Regulatory compliance

As noted, a branch is only available to a company that is permanently established in that country. From a regulatory and compliance perspective, this is important, underlining that the BaaS provider satisfied strict regulatory criteria for the particular country or territory served by that licence.

In the highly regulated banking sector, BaaS adopters naturally lean heavily on the expertise of their BaaS provider to ensure embedded finance deployments are fully compliant. 

Again, the banking licence will determine which products are available to a BaaS provider’s clients. But, in ensuring there is constant regulatory alignment, and the customer protection that comes from rigorous oversight from local authorities, the branch licence will equally underpin long-term success once the embedded finance product is launched. 

Penetrating new markets

Branches are important for businesses wanting to establish themselves in local markets. There are critical advantages with respect to the ease, cost efficiency and speed of doing transactions in different countries that only branch banking licences can unlock.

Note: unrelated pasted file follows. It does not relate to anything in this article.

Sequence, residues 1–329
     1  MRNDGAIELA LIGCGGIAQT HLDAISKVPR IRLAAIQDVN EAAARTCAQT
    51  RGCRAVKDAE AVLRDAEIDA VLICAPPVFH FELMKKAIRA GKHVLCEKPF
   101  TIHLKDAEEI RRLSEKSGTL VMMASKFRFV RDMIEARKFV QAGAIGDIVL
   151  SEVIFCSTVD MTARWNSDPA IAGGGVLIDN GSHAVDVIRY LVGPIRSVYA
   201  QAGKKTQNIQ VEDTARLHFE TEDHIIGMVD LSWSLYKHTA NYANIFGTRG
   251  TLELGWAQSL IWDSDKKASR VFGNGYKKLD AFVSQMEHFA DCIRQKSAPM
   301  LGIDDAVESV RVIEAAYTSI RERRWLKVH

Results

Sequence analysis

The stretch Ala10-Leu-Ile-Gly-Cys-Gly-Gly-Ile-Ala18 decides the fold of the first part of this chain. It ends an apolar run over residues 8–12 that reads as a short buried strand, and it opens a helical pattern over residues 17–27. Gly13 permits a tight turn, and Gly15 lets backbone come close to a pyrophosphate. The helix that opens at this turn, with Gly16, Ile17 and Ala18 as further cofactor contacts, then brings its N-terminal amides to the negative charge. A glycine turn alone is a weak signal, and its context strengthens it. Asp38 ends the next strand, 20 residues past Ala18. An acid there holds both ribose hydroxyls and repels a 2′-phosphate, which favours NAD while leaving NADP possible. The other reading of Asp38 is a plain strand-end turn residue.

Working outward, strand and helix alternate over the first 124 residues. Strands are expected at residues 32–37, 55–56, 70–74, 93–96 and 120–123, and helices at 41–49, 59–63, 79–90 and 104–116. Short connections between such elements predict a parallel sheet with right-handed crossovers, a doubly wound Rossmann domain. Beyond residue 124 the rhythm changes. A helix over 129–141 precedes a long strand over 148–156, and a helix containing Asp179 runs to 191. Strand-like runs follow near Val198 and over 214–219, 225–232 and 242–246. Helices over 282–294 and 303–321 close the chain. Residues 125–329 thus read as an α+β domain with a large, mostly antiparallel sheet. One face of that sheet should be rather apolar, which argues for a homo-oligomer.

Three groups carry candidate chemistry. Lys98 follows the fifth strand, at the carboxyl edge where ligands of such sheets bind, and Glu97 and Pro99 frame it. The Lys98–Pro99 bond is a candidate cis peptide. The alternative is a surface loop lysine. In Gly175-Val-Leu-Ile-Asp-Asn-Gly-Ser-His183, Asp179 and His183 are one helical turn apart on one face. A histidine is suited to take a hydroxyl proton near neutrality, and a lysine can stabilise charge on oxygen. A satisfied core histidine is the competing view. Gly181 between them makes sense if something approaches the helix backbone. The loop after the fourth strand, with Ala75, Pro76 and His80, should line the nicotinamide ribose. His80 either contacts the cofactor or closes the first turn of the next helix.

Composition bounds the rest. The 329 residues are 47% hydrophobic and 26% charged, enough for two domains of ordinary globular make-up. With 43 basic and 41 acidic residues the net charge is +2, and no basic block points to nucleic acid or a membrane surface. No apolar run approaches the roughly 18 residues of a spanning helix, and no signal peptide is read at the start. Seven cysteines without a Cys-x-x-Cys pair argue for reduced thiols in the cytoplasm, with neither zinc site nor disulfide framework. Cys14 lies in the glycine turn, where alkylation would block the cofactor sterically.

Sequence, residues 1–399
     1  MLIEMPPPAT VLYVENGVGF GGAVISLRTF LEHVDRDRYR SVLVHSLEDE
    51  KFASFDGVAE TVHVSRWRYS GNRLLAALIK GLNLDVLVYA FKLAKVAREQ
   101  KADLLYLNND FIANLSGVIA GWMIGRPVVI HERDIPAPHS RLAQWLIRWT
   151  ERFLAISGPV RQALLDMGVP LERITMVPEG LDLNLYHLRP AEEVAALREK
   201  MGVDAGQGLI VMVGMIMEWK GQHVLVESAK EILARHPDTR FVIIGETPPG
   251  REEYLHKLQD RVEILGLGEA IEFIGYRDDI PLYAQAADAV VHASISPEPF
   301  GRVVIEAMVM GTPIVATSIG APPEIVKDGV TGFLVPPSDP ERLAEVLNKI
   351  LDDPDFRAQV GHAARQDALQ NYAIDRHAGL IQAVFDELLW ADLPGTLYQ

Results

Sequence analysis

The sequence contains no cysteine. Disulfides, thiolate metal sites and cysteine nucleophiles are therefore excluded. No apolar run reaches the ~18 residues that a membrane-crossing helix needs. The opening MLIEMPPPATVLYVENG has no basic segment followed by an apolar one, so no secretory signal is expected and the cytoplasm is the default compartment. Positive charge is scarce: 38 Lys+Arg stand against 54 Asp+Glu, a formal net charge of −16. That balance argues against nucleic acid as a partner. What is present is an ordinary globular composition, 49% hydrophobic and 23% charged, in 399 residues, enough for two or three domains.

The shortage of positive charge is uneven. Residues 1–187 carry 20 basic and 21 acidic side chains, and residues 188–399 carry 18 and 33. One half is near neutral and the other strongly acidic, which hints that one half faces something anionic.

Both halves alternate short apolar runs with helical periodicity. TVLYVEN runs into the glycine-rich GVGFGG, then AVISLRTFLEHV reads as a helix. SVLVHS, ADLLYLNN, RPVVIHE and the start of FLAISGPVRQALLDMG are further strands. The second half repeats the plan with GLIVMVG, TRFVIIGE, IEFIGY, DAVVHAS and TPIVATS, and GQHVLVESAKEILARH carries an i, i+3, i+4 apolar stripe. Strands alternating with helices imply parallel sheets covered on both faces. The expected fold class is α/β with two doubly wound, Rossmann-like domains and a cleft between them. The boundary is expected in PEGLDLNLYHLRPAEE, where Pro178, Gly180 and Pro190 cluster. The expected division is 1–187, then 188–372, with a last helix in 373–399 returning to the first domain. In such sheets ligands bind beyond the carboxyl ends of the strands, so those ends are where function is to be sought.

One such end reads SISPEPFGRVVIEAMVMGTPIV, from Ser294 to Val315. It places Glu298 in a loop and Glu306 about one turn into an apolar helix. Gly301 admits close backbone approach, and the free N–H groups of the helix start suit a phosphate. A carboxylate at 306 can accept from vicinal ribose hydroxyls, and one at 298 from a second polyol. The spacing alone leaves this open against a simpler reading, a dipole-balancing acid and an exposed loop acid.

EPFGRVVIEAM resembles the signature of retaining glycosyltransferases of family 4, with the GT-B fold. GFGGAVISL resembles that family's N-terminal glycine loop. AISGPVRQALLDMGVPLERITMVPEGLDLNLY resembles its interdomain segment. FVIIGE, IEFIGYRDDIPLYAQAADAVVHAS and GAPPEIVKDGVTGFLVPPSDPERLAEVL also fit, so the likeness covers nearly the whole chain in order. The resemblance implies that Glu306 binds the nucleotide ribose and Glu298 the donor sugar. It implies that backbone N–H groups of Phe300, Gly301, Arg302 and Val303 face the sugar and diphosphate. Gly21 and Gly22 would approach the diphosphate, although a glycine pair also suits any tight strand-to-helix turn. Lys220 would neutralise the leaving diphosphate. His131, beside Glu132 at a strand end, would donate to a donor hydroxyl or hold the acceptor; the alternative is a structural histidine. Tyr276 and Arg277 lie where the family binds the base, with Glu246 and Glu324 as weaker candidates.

Particularly in the payment space, in order to create a truly frictionless payment network across Europe, BaaS providers must give their clients access to local IBANs and payment schemes. 

As the BaaS market has matured – and continues to do so – a deeper appreciation for the vital component of licensing will drive the sector forward. The best strategies and tech are nothing without the foundations of the right licence.